When it comes down to it, Dr. L has made me a better person by making me a better student. Her guidance has helped me become more focused and organized in my academic life which has translated into the way I live my personal life. And my experience with Dr. L is not an isolated event. Every professor at Juniata strives to mentor their students to not only make them better learners, but better members of society. The professors here take an honest interest in their students’ lives and do their best to guide and help them through their four years here. Without Dr. L I still wouldn’t really know what I wanted to do with my life and I definitely would not be accepted into a graduate program. For that reason I will be forever grateful to Dr. L.
Coming to Juniata was not a hard choice for me. Once the acceptance letters came in and I was left looking at Gettysburg and Juniata, my path was clear. I knew I would get a phenomenal education and be ready for whatever grad school or med school had to throw at me. What I didn’t know was whether or not I would be bored out of my mind for four years. I come from a small town in northern New Mexico, so I am used to the mild boredom that is bound to accompany living in a small rural community. On the other hand, central Pennsylvania with its Amish communities and verdant “mountains” would end up being a completely different experience. The summer before I left for Juniata, my coworkers teased me, saying that I was going to return the next summer sporting an Amish wife and several Amish children on my hip.
Thankfully that was not the case. When I arrived in Huntingdon I was struck by its picturesque quaintness. Huntingdon has a pleasant mix of revolutionary war era buildings next to more modern edifices. Huntingdon is a far cry from towns like the neighboring State College, home of Penn State, but it has its own blend of unique activities to offer. Standing Stone coffee company is a local favorite of students and townsfolk alike. After we are done studying there during the day, we often stick around for the monthly Saturday night trivia. (We haven’t won a single round or game yet, but we’re sticking with it!) Downtown we have a wide array of restaurants and cafes offering everything from pizza to scones.
If you’re not in the mood for food, you could head out to the bowling alley or movie theater and catch the latest blockbusters in our five screen movie theater. But if you are feeling cooped up and need some fresh air there is the beautiful Peace Chapel trail system only a mile walk from the college. It’s a great spot to run or hike or bike or to just sit and ponder. And of course if you tire of the rural life, State College is just a short drive away with somewhat more to offer the young college student seeking entertainment.
Whenever prospective students ask me whether or not there are things to do in Huntingdon, it’s never a hard answer. Maybe it’s because I grew up in a small rural community like Huntingdon, or maybe it’s because I have grown used to life in Huntingdon, but I never feel bored at Juniata. There is always something to do. Sometimes you just have to go out and search for it.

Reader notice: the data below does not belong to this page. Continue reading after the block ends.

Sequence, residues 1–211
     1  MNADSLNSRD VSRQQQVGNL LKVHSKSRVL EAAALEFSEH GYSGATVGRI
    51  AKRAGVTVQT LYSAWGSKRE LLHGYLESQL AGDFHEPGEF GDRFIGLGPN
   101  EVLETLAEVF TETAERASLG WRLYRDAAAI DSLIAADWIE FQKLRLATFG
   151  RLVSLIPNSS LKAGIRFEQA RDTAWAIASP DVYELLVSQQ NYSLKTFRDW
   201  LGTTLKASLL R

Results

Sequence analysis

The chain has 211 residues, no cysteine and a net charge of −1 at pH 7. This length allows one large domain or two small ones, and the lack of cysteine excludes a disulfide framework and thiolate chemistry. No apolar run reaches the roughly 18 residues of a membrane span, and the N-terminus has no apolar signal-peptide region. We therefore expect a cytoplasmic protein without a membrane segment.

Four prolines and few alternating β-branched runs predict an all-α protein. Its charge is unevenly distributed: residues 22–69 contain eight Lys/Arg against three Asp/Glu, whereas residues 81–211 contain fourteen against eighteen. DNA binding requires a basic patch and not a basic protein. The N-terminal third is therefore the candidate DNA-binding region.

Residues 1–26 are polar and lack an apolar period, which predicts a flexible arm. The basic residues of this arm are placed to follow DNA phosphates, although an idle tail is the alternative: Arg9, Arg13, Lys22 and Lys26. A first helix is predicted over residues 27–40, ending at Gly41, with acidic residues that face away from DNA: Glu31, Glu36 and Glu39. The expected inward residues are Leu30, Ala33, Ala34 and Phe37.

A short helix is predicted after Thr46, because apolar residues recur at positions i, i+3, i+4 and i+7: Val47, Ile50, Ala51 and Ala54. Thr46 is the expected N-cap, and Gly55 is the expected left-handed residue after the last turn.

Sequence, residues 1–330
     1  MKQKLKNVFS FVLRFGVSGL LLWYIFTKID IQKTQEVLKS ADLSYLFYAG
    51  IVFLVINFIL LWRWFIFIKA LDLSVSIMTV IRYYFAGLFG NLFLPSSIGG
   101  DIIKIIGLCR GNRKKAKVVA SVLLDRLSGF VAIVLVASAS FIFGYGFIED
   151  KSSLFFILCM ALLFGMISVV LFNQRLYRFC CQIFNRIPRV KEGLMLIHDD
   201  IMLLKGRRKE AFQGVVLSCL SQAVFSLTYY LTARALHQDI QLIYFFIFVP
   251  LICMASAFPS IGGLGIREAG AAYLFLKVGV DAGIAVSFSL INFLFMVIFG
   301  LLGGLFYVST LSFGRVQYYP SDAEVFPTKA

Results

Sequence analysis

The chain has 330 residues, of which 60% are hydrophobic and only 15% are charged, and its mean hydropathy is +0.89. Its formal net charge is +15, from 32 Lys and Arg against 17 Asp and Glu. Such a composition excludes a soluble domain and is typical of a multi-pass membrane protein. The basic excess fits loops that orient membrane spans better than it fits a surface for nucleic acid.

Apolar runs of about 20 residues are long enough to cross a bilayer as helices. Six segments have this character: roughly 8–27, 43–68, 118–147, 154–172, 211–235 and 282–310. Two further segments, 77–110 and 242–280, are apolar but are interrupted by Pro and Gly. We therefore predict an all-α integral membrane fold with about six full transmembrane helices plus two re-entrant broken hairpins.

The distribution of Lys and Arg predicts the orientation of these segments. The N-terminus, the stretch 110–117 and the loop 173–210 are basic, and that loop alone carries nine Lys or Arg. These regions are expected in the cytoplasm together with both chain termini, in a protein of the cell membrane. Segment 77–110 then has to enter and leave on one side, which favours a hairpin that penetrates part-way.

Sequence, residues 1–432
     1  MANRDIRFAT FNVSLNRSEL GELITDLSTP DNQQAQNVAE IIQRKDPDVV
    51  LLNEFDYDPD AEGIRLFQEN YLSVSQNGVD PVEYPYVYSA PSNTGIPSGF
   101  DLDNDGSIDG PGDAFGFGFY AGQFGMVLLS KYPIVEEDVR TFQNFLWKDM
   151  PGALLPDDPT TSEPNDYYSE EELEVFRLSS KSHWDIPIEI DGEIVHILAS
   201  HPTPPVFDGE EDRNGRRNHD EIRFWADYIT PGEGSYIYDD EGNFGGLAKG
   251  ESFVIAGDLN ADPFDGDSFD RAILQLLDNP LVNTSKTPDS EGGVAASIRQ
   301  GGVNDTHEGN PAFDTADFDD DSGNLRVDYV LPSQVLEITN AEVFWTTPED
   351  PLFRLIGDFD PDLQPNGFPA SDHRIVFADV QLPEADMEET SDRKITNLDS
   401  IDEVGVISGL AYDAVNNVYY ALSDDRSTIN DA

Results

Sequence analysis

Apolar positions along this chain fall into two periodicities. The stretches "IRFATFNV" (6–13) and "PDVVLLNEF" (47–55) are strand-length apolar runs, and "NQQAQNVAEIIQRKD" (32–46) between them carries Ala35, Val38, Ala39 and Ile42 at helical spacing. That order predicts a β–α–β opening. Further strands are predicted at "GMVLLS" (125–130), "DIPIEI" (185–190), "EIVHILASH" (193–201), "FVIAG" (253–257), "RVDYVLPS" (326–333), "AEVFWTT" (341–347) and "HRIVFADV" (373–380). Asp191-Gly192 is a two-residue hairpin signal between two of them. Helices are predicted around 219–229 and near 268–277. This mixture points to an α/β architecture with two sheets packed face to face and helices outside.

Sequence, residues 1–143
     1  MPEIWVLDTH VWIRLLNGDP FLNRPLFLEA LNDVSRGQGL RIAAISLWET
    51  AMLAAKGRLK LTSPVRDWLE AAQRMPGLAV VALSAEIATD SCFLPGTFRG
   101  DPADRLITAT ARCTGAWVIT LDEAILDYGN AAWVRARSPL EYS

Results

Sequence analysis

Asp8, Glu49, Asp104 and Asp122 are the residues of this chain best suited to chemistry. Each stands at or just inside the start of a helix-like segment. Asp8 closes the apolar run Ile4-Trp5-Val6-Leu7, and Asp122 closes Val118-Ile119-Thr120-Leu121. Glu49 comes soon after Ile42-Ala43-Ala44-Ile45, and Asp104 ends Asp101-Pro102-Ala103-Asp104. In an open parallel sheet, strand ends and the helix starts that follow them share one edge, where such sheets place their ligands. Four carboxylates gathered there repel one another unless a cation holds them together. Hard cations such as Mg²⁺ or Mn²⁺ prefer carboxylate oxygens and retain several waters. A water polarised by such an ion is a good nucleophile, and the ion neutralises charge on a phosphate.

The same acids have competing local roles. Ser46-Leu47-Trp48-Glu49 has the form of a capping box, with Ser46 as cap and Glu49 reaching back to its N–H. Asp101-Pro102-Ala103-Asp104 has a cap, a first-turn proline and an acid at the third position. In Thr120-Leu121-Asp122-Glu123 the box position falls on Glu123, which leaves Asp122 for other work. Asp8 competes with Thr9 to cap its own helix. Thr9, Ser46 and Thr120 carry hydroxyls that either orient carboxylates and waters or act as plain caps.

One of the first things that initially drew me to Juniata were all of it’s crazy, unique traditions- when I was looking into Juniata I spent over an hour on YouTube watching videos about all of the traditions here. This past weekend my personal favorite Juniata tradition, Madrigal, took place. Madrigal dinner comes as a reward after a grueling week of tenting. For one week during the fall, which somehow always happens to be the coldest week, students sleep in tents and are awoken almost every hour of the night for role calls and to compete in events in order to gain points. The groups with the most amount of points get to select and secure their table at the Madrigal dinner first. The competition during tenting can get pretty intense, but in the end it’s all worth it for getting to have the perfect Madrigal evening.
As a Juniatian, the entire process of Madrigal didn’t seem that weird to me, but my date was pretty confused the whole night. The pinnacle of Madrigal dinner is singing “The 12 Days of Christmas”- at the top of your lungs…while standing on your chair. While this is an integral part of the Juniata experience, it’s not something you’ll find anywhere else, so to outsiders it may seem a little strange. The dinner is also served by faculty and staff members dressed in silly Christmas attire, which makes it even more fun. That professor who just gave you some feedback on a paper that you aren’t happy about? She’s refilling your water glass. Did your boss give you a long list of work for the week? He’s serving you your chocolate cake. Things like that are a part of what make me love Juniata so much, if I went to a school that was bigger than this I would never get to experience this kind of quirky, fun event. Plus, who doesn’t love a good excuse to get all dressed up with their best friends? Madrigal is another example of how Juniata traditions bringing everyone together to give us a special kind of experience and sense of community and togetherness that you just can’t find anywhere else.